Wordpress and .htaccess Password Protected Directories

I tried to make a password protected directory using a .htaccess file earlier today and found out that the root Wordpress .htaccess file causes a little trouble.

The situation looks something like:

  • /
    • .htaccess <- From Wordpress
  • /ProtectedDir
    • .htaccess <- My file
As of Wordpress 2.3.2, its .htaccess file looks like this:

# BEGIN WordPress
<IfModule mod_rewrite.c>
RewriteEngine On
RewriteBase /
RewriteCond %{REQUEST_FILENAME} !-f
RewriteCond %{REQUEST_FILENAME} !-d
RewriteRule . /index.php [L]
# END WordPress

This lives at the base of Wordpress install, which for me happens to be the root of my web site. The rewrite rule throws any URL that leads to a non-existent file to Wordpress' index.php. This lets Wordpress do search engine friendly URLs and custom 404 handling.

The problem here is subtle. In order to do password authentication, the web server needs to serve up a "401 Unauthorized" header and optionally an error document. My server defaults to a specific error document path, but I have not created a document at that path. However, Apache still passes the predefined 401 document path through the rewrite rules in an attempt to use it. Since it doesn't exist, the request gets snagged by the Wordpress rewrite rules and index.php. The end result is that what should have been a 401 page now turns into a 404 and you can't authenticate to the directory.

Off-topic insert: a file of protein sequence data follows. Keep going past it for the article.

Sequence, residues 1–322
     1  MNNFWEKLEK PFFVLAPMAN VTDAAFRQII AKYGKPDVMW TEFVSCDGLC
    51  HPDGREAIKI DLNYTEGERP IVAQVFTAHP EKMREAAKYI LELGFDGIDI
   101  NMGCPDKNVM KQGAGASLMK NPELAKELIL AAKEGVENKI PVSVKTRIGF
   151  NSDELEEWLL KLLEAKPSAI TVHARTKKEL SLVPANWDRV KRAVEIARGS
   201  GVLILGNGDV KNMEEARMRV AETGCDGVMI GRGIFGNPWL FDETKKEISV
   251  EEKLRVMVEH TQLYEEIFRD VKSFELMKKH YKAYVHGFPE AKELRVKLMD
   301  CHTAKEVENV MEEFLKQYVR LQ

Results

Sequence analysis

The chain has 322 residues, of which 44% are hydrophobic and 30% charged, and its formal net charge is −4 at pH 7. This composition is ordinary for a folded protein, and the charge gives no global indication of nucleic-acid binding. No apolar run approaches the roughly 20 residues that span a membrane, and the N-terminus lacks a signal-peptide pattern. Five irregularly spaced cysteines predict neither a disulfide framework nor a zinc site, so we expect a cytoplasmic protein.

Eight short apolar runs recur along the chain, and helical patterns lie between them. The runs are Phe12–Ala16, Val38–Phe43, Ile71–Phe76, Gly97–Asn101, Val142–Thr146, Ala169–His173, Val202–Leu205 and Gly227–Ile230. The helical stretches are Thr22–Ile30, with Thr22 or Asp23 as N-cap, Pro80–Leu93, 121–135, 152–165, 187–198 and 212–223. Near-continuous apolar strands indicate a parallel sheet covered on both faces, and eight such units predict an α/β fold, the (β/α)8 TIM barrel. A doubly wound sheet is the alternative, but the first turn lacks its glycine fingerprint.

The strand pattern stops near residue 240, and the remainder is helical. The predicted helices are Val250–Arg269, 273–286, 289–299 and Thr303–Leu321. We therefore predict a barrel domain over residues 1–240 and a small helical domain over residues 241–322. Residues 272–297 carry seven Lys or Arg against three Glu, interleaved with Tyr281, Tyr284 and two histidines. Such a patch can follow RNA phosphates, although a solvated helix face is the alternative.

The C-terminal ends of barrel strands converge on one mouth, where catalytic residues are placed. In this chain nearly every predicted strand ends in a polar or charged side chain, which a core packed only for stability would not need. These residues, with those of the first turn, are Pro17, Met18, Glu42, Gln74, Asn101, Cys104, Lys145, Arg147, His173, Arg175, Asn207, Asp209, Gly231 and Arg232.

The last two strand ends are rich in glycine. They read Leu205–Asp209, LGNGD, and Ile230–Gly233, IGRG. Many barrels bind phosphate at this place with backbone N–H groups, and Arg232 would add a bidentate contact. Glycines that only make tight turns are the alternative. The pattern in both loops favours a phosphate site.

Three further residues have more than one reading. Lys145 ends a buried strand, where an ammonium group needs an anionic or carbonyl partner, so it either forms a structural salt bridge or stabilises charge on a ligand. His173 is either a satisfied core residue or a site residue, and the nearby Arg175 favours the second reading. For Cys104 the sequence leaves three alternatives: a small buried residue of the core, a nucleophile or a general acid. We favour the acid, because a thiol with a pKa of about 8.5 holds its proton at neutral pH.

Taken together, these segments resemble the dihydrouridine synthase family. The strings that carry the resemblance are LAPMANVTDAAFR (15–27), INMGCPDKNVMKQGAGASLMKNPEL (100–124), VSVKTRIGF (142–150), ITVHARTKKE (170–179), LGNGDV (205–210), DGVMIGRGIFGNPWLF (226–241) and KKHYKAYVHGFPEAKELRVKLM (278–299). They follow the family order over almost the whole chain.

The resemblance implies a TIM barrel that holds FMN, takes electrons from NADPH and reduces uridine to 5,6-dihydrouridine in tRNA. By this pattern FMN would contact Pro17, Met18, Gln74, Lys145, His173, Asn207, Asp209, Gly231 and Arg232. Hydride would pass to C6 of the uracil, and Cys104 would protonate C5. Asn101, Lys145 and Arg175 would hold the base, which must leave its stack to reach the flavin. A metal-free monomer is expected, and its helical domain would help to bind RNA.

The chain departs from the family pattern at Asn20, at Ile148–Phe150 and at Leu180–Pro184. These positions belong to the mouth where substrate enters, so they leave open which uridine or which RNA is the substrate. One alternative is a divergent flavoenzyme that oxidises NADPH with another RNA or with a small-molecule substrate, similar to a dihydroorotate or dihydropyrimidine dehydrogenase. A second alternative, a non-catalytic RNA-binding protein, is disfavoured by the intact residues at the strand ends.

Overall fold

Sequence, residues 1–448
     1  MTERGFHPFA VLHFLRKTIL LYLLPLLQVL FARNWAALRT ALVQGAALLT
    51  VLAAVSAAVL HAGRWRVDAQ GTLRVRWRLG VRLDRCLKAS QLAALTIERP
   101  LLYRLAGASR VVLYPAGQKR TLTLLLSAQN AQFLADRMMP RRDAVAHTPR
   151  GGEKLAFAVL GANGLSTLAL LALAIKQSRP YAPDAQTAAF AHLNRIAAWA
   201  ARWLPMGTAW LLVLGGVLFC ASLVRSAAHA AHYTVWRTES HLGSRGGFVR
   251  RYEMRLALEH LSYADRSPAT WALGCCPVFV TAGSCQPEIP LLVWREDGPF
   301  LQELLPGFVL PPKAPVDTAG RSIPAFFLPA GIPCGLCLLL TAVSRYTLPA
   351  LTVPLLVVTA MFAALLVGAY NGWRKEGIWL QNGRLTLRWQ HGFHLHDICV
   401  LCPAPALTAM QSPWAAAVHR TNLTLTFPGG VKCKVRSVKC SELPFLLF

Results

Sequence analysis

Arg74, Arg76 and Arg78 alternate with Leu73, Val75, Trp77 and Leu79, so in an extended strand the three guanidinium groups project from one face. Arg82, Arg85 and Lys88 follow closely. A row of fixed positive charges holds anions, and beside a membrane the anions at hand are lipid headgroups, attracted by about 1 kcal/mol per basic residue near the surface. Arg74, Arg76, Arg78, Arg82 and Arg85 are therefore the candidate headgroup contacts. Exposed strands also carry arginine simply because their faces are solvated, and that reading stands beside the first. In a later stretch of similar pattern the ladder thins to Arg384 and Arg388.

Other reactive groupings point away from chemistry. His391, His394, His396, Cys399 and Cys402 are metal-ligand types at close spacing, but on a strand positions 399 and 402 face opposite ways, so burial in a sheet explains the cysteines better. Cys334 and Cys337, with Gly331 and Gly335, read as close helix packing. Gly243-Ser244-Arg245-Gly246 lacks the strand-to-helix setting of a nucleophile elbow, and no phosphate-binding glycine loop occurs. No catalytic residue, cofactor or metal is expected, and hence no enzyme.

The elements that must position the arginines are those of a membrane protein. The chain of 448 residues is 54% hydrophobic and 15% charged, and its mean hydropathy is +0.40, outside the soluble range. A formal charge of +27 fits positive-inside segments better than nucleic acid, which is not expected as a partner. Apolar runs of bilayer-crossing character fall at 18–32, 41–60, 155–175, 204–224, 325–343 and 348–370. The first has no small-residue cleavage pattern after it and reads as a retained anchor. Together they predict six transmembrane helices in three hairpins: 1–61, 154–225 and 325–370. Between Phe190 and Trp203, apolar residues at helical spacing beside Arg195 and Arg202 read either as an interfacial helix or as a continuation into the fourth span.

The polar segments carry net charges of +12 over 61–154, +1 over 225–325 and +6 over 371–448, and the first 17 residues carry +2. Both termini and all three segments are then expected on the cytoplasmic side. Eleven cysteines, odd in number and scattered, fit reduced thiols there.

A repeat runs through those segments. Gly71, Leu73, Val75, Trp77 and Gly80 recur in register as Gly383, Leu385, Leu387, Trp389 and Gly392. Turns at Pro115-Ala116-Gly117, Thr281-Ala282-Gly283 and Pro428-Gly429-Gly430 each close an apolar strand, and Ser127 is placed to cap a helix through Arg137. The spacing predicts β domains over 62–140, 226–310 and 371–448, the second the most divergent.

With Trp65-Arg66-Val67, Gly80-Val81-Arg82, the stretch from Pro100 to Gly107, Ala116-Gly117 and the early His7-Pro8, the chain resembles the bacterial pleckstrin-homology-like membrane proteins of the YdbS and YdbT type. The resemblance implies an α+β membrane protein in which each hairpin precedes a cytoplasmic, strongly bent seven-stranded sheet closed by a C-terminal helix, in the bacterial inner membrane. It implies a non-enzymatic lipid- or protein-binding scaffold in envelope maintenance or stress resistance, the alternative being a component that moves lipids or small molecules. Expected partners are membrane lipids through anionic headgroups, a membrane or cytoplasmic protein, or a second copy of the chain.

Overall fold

The solution is simple: override the non-existent, predefined error document path using the ErrorDocument directive in either of the .htaccess files mentioned above.

You have several options. You can either use Apache's default hard-coded string for the error document by specifying:

ErrorDocument 401 default

Or you can use your own hard-coded error string:

ErrorDocument 401 "Unauthorized access"

Or you can create a 401 document and point the server to it like so:

ErrorDocument 401 /401.html

Pick one of those methods and your password authentication should work. Remember, the error document file must exist if you pick the last method.

Note that the same problem can occur with other HTTP error codes, so be on the lookout for other situations where Wordpress might bite you.

Updated Jan. 27 thanks to a suggestion made in this web forum post.